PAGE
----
in

He’s the first British judge to resign since 1970. Sir Hugh Laddie has taken another job because his judicial duties had become boring.

A high court judge who is leaving the bench to join a firm of solicitors because he is bored with judging took fellow judges by surprise yesterday.

Mr Justice Laddie has risked the disapproval of the legal establishment by breaking the unwritten convention that the bench is a life sentence ended only by retirement or death.

Yesterday his resignation was the talk of the inns of court where judges meet for lunch. One appeal court judge said: “For some of the old school people at Lincoln’s Inn, saying he was going to join a firm of solicitors was a double insult.”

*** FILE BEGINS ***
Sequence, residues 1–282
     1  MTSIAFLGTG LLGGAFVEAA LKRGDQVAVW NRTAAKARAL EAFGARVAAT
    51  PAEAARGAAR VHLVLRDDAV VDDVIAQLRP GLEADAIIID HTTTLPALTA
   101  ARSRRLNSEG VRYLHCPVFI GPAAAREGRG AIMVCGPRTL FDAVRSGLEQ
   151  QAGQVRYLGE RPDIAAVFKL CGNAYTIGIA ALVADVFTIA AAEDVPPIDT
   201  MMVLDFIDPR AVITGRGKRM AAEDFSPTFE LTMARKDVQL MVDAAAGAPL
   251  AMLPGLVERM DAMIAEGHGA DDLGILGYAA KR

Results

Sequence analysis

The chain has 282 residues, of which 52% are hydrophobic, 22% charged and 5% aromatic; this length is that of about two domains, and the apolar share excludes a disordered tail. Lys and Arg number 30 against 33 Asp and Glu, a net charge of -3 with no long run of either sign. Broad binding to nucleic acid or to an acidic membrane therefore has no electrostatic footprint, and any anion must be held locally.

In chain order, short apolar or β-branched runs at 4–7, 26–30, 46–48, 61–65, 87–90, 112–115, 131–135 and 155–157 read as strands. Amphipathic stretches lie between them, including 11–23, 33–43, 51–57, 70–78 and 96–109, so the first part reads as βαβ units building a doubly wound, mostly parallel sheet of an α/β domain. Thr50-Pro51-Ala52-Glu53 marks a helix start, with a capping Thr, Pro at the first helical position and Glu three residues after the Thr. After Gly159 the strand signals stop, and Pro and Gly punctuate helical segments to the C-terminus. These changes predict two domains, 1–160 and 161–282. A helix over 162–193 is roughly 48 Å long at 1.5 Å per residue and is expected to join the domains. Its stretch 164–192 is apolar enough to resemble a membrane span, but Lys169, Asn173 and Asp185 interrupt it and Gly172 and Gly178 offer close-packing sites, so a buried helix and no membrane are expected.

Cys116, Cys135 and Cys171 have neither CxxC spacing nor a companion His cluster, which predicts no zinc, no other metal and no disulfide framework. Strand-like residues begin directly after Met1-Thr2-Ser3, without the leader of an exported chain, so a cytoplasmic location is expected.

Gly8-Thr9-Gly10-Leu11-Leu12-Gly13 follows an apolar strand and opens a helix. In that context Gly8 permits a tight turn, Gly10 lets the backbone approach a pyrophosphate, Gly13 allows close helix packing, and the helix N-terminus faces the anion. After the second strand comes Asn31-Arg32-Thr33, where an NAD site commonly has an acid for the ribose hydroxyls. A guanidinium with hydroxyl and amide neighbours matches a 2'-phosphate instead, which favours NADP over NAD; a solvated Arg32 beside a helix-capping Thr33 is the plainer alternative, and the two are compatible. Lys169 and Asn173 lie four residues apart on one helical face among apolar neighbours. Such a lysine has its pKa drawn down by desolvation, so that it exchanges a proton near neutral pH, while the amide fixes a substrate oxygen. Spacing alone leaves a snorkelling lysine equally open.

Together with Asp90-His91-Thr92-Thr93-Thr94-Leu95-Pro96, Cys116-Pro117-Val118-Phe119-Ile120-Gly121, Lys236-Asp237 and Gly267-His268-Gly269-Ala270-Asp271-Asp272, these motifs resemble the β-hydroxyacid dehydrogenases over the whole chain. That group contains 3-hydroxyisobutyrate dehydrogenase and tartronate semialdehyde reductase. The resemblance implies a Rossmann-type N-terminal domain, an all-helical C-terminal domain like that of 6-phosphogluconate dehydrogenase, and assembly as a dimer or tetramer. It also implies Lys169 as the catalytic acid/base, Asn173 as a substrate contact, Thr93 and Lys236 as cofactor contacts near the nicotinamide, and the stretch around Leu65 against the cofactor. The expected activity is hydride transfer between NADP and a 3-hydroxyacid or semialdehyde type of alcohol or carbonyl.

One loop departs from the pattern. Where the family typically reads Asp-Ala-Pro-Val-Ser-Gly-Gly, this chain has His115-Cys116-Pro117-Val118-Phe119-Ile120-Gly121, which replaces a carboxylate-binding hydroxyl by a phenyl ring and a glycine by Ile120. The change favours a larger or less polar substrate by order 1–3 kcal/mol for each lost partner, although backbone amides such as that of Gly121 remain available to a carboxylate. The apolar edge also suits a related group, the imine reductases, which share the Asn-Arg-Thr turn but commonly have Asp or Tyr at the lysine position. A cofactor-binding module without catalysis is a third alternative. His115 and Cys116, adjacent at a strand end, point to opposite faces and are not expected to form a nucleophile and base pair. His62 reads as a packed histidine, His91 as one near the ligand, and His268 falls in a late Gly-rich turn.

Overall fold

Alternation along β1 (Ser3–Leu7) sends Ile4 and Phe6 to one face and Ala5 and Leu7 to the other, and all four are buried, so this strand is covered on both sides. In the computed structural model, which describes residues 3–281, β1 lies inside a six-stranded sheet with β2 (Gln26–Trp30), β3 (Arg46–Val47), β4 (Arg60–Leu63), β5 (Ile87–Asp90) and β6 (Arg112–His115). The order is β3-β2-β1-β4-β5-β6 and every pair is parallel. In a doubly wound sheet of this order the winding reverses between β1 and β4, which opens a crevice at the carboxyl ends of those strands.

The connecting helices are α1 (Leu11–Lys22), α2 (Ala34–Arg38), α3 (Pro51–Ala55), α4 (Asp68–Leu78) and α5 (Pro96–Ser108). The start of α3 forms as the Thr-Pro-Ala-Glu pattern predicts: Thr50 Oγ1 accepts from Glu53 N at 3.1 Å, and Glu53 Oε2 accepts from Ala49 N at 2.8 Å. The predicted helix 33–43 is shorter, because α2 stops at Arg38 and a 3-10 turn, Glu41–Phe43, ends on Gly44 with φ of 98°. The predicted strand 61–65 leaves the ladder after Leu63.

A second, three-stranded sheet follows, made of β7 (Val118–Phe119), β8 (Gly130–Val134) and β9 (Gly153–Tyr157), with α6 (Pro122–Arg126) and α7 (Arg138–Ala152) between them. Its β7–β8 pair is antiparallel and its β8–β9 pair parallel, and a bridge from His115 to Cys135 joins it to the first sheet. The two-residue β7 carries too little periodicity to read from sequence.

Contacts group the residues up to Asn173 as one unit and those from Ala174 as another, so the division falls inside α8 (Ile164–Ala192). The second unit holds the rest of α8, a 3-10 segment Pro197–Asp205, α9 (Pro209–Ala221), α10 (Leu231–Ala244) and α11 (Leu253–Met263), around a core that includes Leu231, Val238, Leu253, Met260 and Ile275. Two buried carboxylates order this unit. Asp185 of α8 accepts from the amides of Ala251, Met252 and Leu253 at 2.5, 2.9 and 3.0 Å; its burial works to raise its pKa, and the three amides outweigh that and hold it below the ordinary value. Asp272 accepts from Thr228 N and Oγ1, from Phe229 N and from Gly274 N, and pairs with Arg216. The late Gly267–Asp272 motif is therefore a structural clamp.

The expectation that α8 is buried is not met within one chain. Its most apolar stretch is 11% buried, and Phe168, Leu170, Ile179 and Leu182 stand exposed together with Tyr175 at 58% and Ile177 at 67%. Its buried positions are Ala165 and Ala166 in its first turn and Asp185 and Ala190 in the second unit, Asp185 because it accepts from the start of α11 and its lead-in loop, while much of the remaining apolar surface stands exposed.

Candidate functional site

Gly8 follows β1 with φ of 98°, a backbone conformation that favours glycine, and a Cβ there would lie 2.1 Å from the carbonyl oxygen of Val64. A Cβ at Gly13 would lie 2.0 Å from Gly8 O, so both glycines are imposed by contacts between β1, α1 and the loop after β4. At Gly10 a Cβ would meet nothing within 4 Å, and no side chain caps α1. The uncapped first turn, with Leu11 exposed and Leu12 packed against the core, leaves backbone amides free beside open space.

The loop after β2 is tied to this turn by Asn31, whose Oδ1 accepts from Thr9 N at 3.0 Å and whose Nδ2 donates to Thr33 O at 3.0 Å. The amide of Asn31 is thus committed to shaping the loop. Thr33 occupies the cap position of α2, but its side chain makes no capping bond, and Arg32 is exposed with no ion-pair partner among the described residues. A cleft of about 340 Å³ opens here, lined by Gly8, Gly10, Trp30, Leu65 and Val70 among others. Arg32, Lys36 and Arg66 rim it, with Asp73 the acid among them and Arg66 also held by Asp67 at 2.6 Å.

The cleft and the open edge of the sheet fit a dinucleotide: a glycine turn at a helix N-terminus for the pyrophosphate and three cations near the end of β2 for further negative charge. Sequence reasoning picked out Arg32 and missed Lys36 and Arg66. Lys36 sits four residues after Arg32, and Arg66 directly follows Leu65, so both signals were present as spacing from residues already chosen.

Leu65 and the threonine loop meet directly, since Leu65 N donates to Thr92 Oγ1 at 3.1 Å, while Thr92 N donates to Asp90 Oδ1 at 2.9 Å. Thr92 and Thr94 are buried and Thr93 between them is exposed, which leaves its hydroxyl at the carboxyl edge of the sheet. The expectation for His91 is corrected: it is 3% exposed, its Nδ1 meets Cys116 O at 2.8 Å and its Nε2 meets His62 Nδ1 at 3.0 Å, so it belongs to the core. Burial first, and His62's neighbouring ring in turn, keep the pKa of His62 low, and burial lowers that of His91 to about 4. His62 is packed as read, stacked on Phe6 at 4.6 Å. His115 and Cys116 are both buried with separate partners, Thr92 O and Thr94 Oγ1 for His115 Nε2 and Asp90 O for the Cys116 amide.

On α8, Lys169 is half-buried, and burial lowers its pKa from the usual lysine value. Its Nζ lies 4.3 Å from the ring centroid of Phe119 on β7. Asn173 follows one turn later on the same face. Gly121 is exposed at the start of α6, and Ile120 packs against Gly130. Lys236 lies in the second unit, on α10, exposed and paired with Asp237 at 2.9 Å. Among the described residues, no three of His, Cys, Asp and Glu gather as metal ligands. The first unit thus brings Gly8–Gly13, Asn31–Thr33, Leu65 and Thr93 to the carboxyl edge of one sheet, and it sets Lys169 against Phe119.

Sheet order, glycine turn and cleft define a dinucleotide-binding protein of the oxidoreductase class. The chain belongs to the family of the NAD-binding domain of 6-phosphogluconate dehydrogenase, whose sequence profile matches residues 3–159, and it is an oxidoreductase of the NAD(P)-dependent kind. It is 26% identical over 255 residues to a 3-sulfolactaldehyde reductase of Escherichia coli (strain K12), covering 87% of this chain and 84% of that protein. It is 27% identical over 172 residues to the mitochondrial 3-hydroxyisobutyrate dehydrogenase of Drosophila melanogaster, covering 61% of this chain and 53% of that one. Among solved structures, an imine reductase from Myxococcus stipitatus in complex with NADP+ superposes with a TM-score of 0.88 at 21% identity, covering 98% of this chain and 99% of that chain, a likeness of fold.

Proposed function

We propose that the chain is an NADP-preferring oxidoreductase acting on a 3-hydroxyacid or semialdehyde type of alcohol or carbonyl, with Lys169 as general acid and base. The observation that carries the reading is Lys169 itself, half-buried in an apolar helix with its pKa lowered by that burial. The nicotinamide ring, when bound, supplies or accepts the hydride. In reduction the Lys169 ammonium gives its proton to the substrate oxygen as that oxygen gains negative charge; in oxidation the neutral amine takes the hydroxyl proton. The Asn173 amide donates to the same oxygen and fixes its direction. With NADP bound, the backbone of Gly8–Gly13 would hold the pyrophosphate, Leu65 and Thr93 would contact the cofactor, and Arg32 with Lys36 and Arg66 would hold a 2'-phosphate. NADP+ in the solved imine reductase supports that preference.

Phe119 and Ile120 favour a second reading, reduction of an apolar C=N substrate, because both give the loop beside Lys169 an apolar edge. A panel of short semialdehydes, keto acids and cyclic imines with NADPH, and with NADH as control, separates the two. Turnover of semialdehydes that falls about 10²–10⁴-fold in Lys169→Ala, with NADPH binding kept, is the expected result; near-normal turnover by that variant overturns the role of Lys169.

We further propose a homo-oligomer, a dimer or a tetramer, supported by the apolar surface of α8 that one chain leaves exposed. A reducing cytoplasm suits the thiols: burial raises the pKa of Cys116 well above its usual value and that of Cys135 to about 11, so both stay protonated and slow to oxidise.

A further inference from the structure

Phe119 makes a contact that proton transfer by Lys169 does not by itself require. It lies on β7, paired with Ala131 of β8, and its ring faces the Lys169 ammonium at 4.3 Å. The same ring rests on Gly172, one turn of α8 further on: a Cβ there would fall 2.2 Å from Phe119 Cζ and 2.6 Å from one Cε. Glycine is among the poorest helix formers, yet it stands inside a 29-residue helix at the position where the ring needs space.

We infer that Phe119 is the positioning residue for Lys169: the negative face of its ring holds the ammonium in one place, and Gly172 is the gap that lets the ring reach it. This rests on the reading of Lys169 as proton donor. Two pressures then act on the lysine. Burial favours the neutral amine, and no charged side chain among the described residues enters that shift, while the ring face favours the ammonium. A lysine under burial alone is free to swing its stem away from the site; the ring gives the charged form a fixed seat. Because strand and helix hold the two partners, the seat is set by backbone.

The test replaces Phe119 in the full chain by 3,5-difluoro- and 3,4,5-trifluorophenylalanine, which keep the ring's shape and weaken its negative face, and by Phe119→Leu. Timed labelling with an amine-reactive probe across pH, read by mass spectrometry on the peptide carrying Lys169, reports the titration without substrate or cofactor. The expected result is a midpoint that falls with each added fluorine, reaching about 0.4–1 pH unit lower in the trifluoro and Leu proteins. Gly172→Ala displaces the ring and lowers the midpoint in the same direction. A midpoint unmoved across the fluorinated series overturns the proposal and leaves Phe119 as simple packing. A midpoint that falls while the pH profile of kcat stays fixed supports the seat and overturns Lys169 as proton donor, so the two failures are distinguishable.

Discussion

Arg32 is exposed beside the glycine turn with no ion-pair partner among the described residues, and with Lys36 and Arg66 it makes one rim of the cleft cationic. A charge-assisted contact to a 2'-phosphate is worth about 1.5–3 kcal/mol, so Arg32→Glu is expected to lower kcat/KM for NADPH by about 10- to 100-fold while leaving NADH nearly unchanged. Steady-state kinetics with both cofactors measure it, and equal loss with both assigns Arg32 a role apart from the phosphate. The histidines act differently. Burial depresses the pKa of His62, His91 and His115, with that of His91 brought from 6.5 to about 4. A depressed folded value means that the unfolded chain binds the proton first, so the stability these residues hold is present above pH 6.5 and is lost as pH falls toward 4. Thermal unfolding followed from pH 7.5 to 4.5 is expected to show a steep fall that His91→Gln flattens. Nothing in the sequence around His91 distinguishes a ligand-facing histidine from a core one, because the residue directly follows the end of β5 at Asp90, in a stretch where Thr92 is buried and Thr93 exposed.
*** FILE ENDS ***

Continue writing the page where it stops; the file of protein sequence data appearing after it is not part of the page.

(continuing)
The judge said some colleagues felt Sir Hugh Laddie was saying, in effect, “if no one else is resigning as I am resigning because of being bored, they must need very little stimulation”. He added: “You might feel harassed, you might feel overworked, but bored I think not. I wasn’t when I was there [in the high court]. I had a big variety of work: one day murder, the next ships.”

Lord Donaldson, former master of the rolls, insisted that he was never bored when he was a high court judge. “The divisional court was absolutely fascinating. The [now-defunct] industrial relations court was even more fascinating.”

British MP George Galloway and his opponent the Daily Telegraph will leave no stone unturned to sort out what could be a spectacular libel case.

One of the authors claiming Dan Brown’s bestseller The Da Vinci Code copied his ideas has admitted he exaggerated his case in an interview with a journalist.